Mary, Did You Know? An Interview

botticelli-the-virgin-and-child.jpg

By Justin Wishart

Contemporary Christian Singer (CCS): Mary, did you know that your baby boy would one day walk on water?[1]

Mary: Well, I was a bit surprised by this one. However, when it happened, the words of Job came to me when he said, "He alone spreads out the heavens and walks upon the waves of the sea." This is, of course, talking about God and since Jesus is God, I was no longer surprised. But, it did give me some goosebumps when I heard of this event.

CCS: Mary, did you know that your baby boy would save our sons and daughters?

Mary: Yes, of course! Gabriel himself came to my husband and said, "he"—meaning Jesus— "he will save his people from their sins." Gabriel also came to shepherds and said, "today, one who saves from the punishment of sin," referring to Jesus. Simeon said, upon seeing Jesus, "my eyes have seen the one who will save men from the punishment of their sins." Anna soon gave thanks for my son as he will take our sins away and set us free. Isaiah spoke of my son saying, "After he," as in Jesus, "has suffered, he," as in the Father, "will see the light of life and be satisfied; by his knowledge my righteous servant will justify many, and he will bear their iniquities." Really, I can go on, but this is one of the most sure things I knew about my son.

CCS: Did you know that your baby boy has come to make you new?

Mary: This depends on what you mean by "new." If by this you mean saved, then I have already answered your question. If you mean that I would be made a "new creation," as Paul puts it, then I would have to say that I did not expect this. For my son to ontologically change me into a new creation as he did was something that I would come to understand when Jesus became an adult.

CCS: This Child that you delivered will soon deliver you?

Mary: This is a confused statement because you are equivocating the word "delivered." He certainly did not deliver me in the same sense that I delivered him. It seems, however, that you mean "deliver" in the sense that he would deliver me from my sins. If this is your meaning, I have already answered this.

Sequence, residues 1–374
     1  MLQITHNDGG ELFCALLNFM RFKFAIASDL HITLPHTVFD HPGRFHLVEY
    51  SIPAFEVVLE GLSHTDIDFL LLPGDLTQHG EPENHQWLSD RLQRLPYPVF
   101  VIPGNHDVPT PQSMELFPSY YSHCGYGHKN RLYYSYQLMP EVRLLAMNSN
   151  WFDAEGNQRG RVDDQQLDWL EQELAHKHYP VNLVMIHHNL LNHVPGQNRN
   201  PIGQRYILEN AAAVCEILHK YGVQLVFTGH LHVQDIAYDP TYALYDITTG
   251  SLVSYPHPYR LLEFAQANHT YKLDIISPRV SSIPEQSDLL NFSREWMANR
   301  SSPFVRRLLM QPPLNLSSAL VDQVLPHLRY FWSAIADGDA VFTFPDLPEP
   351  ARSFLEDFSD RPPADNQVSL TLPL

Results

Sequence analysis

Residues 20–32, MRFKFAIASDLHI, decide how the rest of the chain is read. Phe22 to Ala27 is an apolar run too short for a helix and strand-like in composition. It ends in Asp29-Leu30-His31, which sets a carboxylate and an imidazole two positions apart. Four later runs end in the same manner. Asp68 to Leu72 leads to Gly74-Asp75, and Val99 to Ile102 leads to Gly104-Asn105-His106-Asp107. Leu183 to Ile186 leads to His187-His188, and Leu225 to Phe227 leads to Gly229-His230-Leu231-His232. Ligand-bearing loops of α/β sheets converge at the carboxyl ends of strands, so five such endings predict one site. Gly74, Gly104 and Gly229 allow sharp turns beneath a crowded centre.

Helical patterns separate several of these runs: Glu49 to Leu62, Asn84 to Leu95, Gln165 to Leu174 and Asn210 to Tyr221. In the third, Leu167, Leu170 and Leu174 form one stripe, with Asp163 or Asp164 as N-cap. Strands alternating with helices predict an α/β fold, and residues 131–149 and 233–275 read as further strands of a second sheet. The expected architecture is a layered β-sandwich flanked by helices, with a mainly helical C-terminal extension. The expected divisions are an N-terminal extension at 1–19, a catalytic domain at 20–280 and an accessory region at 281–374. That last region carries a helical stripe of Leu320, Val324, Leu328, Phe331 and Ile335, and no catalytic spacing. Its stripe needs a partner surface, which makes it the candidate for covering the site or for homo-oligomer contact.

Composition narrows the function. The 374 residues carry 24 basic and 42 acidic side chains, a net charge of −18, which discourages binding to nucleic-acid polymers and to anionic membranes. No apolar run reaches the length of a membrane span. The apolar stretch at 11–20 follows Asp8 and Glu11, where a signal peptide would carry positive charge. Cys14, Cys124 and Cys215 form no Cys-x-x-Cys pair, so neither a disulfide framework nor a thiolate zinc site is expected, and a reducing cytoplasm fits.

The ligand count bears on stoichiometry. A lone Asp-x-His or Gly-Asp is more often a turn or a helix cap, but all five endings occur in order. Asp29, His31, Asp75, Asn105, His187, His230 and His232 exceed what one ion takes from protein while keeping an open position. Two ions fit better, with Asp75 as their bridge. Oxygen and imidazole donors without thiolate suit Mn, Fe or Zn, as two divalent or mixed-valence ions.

CCS: Mary, did you know that your baby boy will give sight to a blind man?

Mary: Yes and no. Isaiah speaks of God's servant who will have extraordinary powers. He specifically says that "the eyes of the blind [will] be opened" and my son will "open eyes that are blind." I always thought that this meant giving wisdom or knowledge to people and this was used metaphorically. I still think this is probably true, but given all the other healing abilities mentioned, restoring sight should be expected.

CCS: Mary, did you know that your baby boy will calm the storm with His hand?

Mary: Again, I didn't know specifically this miracle would happen. But, since my son is God, that idea still gives me shivers, I am not surprised that Jesus did this. Doesn't the Psalmist say, "he made the storm be still, and the waves of the sea were hushed?"

CCS: Did you know that your baby boy has walked where angels trod?

Mary: Why, yes! When Gabriel spoke to me he said, "the Holy Spirit will come on you. The power of the Most High will cover you. The holy Child you give birth to will be called the Son of God." This seemed to make it clear to me that this child somehow came to me directly from heaven. I could not imagine this meaning anything different.

CCS: When you kiss your little baby, you have kissed the face of God?